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Trump Backed Off His Plan To Slash Funding For The Special Olympics After Facing Backlash

"I have overridden my people. We're funding the Special Olympics," Trump said.

Last updated on March 28, 2019, at 5:20 p.m. ET

Posted on March 28, 2019, at 4:35 p.m. ET

Jacquelyn Martin / AP

President Trump said Thursday he had reversed a proposal by his administration to slash funding for the Special Olympics after news of the budget plan sparked days of criticism.

“The Special Olympics will be funded," Trump told reporters as he departed the White House for a rally in Michigan. "I heard about it this morning. I have overridden my people. We're funding the Special Olympics."

The abrupt reversal came after Education Secretary Betsy DeVos blasted the media on Wednesday for having “spun up falsehoods and fully misrepresented the facts” about the controversy.

"The Special Olympics is not a federal program. It's a private organization,” DeVos wrote in a statement defending the plan. “Because of its important work, it is able to raise more than $100 million every year."

The proposal to cut the roughly $18 million the federal government provides for the Special Olympics came as part of a budget proposal from the administration to cut $7 billion in education spending.

Some viral tweets had suggested the funding cuts were a fait accompli, but the entire budget proposal in fact had little to no chance of ever passing Congress.

At a congressional hearing Tuesday, DeVos was grilled about the proposal and admitted she didn't know how many children participated in the Special Olympics.(The organization has said 272,000 in almost 6,500 schools nationally participated in their programs thanks to federal funding.)

Zach Gibson / Getty Images

Secretary of Education Betsy DeVos testifies in Washington.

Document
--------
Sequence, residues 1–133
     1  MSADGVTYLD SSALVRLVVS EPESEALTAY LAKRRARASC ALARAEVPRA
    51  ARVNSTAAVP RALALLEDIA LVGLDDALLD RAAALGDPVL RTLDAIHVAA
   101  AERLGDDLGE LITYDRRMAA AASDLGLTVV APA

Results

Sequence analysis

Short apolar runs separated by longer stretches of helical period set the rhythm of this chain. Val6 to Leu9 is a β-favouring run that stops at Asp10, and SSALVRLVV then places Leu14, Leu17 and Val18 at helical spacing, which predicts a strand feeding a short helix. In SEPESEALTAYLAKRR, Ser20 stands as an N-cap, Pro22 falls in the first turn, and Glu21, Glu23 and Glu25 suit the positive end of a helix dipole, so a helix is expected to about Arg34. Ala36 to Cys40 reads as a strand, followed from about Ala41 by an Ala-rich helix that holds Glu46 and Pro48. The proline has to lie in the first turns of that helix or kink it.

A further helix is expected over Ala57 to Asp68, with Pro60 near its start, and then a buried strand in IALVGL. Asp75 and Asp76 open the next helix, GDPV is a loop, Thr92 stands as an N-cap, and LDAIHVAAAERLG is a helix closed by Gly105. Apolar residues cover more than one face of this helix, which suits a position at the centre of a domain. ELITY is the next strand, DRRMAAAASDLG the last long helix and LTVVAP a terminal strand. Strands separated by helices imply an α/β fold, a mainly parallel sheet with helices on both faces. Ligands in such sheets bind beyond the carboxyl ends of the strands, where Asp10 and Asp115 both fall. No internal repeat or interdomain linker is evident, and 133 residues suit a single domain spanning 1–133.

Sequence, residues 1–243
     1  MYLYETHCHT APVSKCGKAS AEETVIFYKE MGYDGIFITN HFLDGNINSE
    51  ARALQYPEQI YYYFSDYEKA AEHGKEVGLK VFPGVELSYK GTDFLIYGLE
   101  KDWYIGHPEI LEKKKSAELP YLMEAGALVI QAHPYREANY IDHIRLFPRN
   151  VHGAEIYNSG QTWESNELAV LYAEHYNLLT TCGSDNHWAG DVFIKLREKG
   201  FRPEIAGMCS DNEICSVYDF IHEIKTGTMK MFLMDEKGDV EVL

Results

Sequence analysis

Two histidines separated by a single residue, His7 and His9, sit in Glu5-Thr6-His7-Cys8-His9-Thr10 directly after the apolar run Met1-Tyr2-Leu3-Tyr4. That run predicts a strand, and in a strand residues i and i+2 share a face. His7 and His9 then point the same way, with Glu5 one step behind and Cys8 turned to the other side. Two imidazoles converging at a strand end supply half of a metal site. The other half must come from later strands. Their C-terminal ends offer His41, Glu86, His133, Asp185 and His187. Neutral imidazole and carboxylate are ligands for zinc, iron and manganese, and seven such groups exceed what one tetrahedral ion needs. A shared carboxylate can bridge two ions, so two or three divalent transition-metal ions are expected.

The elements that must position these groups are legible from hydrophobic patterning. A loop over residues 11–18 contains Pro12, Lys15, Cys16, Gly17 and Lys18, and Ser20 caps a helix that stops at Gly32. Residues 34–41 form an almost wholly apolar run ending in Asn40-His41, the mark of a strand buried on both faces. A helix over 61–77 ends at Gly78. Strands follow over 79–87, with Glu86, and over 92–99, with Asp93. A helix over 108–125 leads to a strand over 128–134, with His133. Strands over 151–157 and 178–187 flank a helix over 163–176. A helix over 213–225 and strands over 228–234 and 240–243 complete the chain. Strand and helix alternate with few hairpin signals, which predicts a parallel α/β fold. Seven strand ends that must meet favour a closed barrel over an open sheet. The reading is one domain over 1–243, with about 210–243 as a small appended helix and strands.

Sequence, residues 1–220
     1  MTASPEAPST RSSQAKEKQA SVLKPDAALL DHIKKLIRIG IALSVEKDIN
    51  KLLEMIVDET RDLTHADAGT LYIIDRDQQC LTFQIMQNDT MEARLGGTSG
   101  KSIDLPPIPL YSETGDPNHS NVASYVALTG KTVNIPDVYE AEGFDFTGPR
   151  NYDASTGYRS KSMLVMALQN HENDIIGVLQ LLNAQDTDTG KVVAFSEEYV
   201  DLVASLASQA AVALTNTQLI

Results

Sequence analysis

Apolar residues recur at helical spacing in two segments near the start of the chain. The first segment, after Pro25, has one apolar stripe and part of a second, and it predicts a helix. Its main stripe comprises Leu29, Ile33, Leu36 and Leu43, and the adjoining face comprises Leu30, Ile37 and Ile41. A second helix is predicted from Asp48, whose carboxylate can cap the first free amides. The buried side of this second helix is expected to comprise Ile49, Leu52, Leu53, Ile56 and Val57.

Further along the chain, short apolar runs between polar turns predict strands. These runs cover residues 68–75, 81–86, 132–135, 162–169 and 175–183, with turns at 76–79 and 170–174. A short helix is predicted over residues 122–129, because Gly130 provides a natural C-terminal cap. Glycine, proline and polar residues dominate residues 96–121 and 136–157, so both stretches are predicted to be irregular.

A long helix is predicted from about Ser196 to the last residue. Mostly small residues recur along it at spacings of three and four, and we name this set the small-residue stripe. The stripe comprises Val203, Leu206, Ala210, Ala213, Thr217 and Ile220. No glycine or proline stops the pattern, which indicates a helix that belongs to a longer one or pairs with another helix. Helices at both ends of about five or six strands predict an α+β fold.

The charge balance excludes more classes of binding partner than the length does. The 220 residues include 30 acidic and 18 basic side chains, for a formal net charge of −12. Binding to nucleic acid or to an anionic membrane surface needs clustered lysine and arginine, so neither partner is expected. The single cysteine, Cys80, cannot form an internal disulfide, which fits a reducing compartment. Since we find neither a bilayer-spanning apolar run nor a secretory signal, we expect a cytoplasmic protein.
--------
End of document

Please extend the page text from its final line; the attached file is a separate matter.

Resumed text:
"I still can’t understand why you would go after disabled children in your budget," Rep. Barbara Lee of California told her. "You zero that out. It’s appalling.”

DeVos has insisted the Trump administration is committed to helping children with disabilities and her statement Wednesday emphasized the budget also allocated $13.2 billion to the states under the Individuals With Disabilities Education Act.

Special Olympics chair Timothy Shriver told MSNBC that the organization disagreed with the proposed cuts.

“The federal government, if it believes in full inclusion, and it does — our Constitution, our Declaration and our laws tell us we do — and if the federal government has a role to support that, it ought to be investing in kids with special needs," Shriver said. “Give these young people the chance to shine, to tell their stories, as you’ve heard, the country is starving for this.”

After Trump's announcement Thursday to continue funding the organization, DeVos said she supported the decision.

“I am pleased and grateful the President and I see eye to eye on this issue and that he has decided to fund our Special Olympics grant," she said. "This is funding I have fought for behind the scenes over the last several years.”

Brianna Sacks contributed to this report.

A BuzzFeed News investigation, in partnership with the International Consortium of Investigative Journalists, based on thousands of documents the government didn't want you to see.